When I arrived at the Sofitel, the contrast couldn’t have been greater.  I was upraded to a suite on check-in and walked my dusty sneakers into the warm embrace of big-city luxury.  I put on one of the (4!) robes in my room and sat down to reflect.  It occured to me that this contrast between places is a feature of China.  Like every country, China isn’t one thing: it contains worlds; people whose lives are so disparate and diverse that they can’t even imagine what it’s like to be in the other’s shoes.

For tonight, though, I fired up the food delivery apps and tried to order a pizza (which was terrible) and a beer (which was great).  I have two more days in XiAn, but I’m feeling the need to rest a bit.

Shanxi Adventures: Day 3

I wasn’t certain where one finds breakfast in a place like PingYao, so I asked the guest house hostess.  She pointed me toward the concierge (the guy who had picked me up the day before, whose lack of teeth did nothing to diminish the beauty of his smile).  He dragged me next door to a small, simple restaurant.  It seemed to be a mom and pop affair.  The pop did the cooking, and the mom did the sales and service.  She was a short, round-faced woman who seemed to be perpetually offering people hard boiled eggs.  I paid careful attention to the other customers.  They used the word for “boss” (lao ban, literally old shift leader) instead of the word for “server” (fu wu yuan, literally service person) when referring to her.  I did the same, and she did, indeed, seem to command this space.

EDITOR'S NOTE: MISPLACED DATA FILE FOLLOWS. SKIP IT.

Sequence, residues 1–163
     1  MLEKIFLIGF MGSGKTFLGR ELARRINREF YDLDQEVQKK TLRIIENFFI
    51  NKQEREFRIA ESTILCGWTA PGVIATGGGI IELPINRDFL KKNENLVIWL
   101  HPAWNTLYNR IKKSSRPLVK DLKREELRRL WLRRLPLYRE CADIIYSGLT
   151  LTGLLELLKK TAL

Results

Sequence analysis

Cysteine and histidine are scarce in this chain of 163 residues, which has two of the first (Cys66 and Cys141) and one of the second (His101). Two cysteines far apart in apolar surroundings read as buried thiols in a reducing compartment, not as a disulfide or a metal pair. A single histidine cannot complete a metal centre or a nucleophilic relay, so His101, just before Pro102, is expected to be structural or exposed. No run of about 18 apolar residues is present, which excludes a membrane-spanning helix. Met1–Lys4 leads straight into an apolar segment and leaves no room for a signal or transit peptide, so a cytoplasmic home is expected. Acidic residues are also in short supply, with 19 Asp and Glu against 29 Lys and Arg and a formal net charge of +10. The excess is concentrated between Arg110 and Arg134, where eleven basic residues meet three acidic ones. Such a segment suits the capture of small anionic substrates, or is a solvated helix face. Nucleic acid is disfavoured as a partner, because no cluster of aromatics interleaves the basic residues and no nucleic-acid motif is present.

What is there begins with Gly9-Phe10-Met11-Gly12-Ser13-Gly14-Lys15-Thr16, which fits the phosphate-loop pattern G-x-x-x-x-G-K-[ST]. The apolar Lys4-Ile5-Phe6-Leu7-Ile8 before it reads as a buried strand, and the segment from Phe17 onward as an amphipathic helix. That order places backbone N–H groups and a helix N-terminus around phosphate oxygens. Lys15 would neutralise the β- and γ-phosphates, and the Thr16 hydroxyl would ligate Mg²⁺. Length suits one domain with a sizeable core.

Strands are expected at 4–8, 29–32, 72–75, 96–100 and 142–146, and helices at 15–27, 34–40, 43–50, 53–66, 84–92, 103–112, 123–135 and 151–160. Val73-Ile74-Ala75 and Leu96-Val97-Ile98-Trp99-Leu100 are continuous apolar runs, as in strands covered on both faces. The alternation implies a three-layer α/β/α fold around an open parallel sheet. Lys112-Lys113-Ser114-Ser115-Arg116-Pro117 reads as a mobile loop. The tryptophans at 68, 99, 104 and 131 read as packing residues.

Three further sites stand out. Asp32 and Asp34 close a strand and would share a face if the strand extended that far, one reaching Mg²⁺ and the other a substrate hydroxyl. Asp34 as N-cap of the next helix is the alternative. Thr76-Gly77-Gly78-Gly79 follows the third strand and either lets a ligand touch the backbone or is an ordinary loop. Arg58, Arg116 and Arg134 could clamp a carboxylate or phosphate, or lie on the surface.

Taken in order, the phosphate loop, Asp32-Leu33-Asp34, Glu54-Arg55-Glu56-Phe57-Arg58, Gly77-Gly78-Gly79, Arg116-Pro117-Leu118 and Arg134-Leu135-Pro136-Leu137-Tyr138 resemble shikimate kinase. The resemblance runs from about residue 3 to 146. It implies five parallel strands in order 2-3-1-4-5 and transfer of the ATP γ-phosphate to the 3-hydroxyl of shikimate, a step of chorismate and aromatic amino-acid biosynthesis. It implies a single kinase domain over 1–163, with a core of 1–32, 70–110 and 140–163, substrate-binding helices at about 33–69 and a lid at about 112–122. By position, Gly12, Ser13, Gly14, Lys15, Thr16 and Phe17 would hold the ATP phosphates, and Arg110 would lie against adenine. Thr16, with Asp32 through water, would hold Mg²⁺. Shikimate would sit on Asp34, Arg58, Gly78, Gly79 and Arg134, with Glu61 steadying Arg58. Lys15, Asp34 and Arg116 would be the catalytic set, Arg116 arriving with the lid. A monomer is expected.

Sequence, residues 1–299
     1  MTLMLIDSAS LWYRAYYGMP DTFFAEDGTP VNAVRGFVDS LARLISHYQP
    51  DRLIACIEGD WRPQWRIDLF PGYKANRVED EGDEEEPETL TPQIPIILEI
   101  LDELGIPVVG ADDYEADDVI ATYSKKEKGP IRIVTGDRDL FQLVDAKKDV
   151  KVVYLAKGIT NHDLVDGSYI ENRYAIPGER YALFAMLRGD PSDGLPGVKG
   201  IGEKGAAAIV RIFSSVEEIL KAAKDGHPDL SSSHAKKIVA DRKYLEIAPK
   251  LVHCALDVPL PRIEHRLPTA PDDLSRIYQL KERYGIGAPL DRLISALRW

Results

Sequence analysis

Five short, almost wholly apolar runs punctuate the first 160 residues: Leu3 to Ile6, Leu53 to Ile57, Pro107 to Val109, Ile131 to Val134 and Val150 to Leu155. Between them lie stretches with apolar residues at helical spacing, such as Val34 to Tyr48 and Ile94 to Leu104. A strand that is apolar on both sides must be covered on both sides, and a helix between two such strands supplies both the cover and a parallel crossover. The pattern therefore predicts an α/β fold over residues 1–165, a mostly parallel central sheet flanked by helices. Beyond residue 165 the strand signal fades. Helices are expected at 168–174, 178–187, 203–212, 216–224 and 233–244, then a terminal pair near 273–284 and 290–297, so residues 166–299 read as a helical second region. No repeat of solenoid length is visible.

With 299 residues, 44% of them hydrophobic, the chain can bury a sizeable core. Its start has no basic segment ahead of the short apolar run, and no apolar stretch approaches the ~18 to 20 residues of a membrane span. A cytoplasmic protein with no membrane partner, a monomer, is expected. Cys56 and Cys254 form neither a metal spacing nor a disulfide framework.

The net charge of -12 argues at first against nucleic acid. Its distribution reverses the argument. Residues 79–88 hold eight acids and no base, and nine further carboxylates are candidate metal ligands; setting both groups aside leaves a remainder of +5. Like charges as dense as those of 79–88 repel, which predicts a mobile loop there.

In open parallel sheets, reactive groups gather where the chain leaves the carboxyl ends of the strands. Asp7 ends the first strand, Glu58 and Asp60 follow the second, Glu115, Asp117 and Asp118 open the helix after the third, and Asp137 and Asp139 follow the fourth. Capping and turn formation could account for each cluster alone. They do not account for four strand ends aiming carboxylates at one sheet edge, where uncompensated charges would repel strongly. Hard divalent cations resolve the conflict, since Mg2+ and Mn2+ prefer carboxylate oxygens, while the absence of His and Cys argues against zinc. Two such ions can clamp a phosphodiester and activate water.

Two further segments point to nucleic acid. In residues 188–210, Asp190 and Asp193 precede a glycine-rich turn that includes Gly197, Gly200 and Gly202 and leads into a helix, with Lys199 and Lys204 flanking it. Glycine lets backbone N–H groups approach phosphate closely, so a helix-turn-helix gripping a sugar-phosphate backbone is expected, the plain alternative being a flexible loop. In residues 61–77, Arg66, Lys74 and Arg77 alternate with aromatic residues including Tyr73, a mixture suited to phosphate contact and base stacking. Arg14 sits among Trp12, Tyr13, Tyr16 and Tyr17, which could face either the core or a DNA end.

I asked about coffee, and the lao ban just grunted at me.  No coffee here.  I ordered a plate of beef baozi and some tea.  The baozi appeared immediately.  The concierge from next door, who was still hanging around and hopefully got a kickback of some kind for bringing guests here, helpfully brought me some vinegar and hot oil to mix together for baozi-dipping.  I had no idea how much vinegar I would see over the next 24 hours.  The baozi were delicious – perfectly steamed dough on the outside, and a mix of beef and spices on the inside.  I learned later in the day that vinegar is a specialty of this area.  It was, indeed, very good vinegar.  And it complemented the baozi perfectly.

When the tea arrived, it was not what I expected.  It was something called ‘you cha’, which might or might not mean ‘oil tea’.  It was liquid, but that’s where the similarity with other teas ended.  It was served in a bowl with a spoon.  And instead of being a transparent liquid, it seemed more akin to a very thin oatmeal or gruel.  There were seeds of some kind floating in it, and it was lightly sweetened.  Whatever it was, it was delicious.  It was the perfect fuel for exploring PingYao.